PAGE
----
Chloe Choi, a student at La Crescenta Elementary School, was selected as the second grade grand national champion in the 30th annual Zaner-Bloser National Handwriting Contest. This means Chloe had the best print handwriting among all of the second grade entries from across the country.
Nine students – one in each grade from kindergarten through eighth – earned the distinction of grand national grade-level champions. Nine other students emerged as semifinalists. Students who compete come from both public and private schools across the country that use the Zaner-Bloser handwriting and/or reading curriculum. These winners were selected from more than 70,000 participants in this year’s competition.
Celebrating its 30th year, the Zaner-Bloser National Handwriting Contest is the longest-running and best-known handwriting competition in the U.S. It’s meant to encourage handwriting instruction and recognize students for their outstanding penmanship, a skill that many education experts believe bolsters academic success.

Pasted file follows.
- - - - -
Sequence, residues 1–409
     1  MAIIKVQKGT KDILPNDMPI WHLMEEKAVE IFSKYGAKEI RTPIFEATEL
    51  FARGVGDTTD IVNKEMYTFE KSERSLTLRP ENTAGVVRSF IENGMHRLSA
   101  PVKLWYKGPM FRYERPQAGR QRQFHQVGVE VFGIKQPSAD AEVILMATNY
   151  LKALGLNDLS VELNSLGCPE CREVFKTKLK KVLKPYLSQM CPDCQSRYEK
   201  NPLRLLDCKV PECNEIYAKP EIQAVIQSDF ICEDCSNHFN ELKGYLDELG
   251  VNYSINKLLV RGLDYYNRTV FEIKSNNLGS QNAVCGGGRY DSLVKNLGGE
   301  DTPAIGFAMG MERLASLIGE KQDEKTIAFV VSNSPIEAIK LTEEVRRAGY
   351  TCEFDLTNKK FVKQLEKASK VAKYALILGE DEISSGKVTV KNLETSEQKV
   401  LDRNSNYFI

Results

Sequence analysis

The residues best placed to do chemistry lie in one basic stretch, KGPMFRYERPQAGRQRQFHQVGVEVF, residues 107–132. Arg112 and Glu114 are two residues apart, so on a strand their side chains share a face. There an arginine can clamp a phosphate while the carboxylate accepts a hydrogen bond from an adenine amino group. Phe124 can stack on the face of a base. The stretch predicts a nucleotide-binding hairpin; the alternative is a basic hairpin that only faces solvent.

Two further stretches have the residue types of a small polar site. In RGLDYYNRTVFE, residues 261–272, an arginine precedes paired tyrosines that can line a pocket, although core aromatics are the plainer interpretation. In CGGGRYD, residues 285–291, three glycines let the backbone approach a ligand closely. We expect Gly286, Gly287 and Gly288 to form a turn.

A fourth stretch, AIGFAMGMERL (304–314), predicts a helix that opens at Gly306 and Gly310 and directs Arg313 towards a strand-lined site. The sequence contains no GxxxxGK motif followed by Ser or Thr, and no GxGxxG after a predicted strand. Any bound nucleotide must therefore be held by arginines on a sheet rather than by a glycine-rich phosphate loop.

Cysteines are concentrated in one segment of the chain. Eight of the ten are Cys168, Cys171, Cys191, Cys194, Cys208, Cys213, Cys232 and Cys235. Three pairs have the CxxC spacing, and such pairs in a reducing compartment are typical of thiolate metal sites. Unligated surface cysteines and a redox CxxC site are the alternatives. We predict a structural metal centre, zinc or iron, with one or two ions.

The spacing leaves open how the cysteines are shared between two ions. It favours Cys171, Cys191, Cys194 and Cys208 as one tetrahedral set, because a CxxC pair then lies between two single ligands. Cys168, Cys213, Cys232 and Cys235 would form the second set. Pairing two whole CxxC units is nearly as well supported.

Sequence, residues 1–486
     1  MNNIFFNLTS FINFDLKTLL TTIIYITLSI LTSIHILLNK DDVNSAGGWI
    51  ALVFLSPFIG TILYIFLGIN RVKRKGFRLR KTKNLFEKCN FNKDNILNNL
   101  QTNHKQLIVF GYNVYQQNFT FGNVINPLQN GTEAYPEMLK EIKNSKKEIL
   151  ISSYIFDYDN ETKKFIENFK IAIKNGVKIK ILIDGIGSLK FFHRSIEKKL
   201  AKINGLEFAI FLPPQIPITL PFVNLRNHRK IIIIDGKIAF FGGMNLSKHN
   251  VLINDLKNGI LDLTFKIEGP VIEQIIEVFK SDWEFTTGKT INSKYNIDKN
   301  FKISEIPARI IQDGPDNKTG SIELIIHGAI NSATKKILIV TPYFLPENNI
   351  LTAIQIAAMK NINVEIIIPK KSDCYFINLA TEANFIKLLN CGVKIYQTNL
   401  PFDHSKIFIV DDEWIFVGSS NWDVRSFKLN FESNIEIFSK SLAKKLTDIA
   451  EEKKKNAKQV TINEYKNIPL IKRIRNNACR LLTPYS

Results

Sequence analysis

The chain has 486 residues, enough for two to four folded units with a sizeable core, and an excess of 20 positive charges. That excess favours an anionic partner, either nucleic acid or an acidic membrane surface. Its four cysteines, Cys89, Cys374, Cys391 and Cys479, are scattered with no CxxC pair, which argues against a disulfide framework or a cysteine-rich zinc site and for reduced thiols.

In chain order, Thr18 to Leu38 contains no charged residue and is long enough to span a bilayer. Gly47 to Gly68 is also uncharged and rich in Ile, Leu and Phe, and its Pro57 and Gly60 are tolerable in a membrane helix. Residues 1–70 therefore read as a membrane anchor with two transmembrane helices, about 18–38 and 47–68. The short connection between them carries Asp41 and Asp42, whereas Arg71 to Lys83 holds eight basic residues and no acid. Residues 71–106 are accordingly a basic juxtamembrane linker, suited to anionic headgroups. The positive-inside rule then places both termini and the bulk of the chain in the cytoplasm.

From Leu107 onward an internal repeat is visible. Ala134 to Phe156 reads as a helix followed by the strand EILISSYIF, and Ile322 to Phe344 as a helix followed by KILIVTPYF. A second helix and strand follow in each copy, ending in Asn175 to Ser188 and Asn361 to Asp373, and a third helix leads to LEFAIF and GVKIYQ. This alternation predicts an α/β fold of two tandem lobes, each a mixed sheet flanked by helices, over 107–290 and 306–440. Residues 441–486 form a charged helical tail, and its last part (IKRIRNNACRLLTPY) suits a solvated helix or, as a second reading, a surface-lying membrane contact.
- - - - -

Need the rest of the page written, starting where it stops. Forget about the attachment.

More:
“Research has shown time and time again that handwriting has a positive effect on children’s learning, providing many benefits that support cognitive development and improve academic outcomes,” said Lisa Carmona, president of Zaner-Bloser. “Our contest recognizes handwriting as an important component of literacy education and celebrates students for their hard work and commitment to excellence.”
The contest also includes a category for students with special needs. The Nicholas Maxim Award, named in honor of a past participant whose passion for writing inspired the award, is open to students with a cognitive, intellectual, physical, or developmental disability who excel in manuscript and cursive.